If Apple is indeed hit by proposed U.S. tariffs on Chinese imports, it could take the company "multiple years" to move assembly outside of China, according to a Morgan Stanley investor memo.
"Apple has one of the most significant exposures to Chinese exports to the U.S. in our IT Hardware coverage group, given final assembly for many of its consumer electronic devices is located in China," said analyst Katy Huberty. "And given the reliance on China's established, low-cost labor force and expertise in manufacturing/tooling, a large-scale move out of the country would not only be costly, but could take multiple years to complete, potentially raising the odds of execution risk, in our view."
The impact of existing tariffs on Apple has been "minimal," Huberty noted. On Friday however the U.S. raised some of those tariffs from 10 to 25 percent, and President Donald Trump has said the company is working on expanding the 25 percent levy to another $325 billion in Chinese goods.
Over a third of Apple's total cost of goods sold is connected to Chinese imports, Huberty estimated. Passing the cost of the Trump tariffs onto customers could therefore push the price of an iPhone XS up $160 to $1,159.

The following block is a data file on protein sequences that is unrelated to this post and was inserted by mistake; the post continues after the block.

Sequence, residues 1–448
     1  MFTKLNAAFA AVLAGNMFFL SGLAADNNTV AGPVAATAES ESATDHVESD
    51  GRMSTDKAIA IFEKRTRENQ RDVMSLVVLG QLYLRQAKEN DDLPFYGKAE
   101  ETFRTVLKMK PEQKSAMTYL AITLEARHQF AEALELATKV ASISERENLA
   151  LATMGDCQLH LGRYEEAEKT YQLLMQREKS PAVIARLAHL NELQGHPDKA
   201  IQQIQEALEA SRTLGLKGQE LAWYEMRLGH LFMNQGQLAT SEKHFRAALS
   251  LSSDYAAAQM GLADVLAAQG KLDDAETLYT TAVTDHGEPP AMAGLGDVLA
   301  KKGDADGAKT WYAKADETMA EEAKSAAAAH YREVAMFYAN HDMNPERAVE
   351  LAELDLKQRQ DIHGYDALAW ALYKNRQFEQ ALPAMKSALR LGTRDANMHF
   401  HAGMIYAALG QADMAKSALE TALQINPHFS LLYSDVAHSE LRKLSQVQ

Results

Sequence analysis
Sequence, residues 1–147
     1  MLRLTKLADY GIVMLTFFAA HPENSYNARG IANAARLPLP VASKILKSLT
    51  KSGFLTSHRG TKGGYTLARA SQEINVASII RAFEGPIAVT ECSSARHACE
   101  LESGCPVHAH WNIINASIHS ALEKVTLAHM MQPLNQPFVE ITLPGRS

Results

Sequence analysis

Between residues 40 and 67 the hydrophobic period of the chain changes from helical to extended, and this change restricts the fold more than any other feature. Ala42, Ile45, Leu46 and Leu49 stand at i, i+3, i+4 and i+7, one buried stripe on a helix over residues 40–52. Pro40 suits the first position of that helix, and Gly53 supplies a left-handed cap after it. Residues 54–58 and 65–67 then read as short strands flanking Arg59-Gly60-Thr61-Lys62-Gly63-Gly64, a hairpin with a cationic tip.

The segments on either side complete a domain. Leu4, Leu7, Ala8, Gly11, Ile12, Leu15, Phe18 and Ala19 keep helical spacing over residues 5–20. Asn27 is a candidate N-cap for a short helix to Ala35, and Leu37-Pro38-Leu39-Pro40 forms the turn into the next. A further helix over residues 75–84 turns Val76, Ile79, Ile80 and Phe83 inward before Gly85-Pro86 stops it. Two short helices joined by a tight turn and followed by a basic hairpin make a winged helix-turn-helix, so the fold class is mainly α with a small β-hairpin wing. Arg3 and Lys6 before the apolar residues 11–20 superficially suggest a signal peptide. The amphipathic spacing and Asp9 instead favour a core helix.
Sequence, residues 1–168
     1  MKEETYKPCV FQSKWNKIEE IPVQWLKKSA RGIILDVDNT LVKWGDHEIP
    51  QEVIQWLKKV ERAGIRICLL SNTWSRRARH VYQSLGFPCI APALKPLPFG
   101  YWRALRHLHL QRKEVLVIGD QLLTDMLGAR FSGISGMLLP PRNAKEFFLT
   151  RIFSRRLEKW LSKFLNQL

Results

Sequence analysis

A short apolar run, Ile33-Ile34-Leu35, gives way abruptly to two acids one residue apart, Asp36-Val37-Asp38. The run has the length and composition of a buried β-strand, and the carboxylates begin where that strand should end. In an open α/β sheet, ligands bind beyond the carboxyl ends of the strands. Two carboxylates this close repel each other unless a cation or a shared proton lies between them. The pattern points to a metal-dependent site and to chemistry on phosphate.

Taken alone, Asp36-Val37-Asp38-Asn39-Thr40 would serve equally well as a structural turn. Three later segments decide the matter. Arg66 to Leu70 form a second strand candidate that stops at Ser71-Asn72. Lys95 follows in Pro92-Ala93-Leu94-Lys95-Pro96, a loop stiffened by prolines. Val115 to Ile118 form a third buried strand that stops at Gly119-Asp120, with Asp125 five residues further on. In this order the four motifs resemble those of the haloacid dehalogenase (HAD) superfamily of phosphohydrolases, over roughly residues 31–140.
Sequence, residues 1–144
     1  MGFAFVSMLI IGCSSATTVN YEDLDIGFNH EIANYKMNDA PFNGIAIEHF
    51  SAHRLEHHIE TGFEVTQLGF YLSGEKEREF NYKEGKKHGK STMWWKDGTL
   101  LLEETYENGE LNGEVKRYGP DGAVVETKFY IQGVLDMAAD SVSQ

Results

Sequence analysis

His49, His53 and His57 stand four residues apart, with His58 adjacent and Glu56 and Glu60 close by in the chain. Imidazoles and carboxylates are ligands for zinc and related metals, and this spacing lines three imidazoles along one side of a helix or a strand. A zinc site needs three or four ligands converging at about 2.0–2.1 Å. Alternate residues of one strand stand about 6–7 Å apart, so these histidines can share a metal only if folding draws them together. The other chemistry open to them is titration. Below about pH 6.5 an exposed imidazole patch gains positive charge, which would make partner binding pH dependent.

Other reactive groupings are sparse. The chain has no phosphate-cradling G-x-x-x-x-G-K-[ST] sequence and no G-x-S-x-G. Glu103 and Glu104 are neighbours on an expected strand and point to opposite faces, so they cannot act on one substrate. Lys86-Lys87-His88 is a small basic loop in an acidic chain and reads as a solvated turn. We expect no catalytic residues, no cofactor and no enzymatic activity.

That would probably "dampen iPhone demand" and "lead to further lengthening of the iPhone replacement cycle," Huberty argued. Some existing iPhone owners are now waiting 3 years or more between upgrades, which may be related to rising prices combined with a lack of substantial new features. While 2017's iPhone X introduced Face ID and an edge-to-edge display, the product was not the first phone with an edge-to-edge screen, and Face ID is mostly an improvement on earlier facial recognition.
In a "worst case" scenario, said Huberty, Apple's fiscal 2020 earnings per share (EPS) could drop by almost $3. She commented though that Apple and its suppliers have had months to prepare for an escalated trade war, and its main assembly partner — Foxconn — has already been making motions toward building outside of China.
Foxconn is preparing for mass production of iPhones in India, joining Pegatron there, and has reportedly considered setting up a factory in Vietnam. The main goal in India is avoiding a 20 percent import duty, but it will "very likely serve as a test case for iPhone production outside of China," potentially leading to "more geographic dispersion" among Apple partners, Huberty concluded.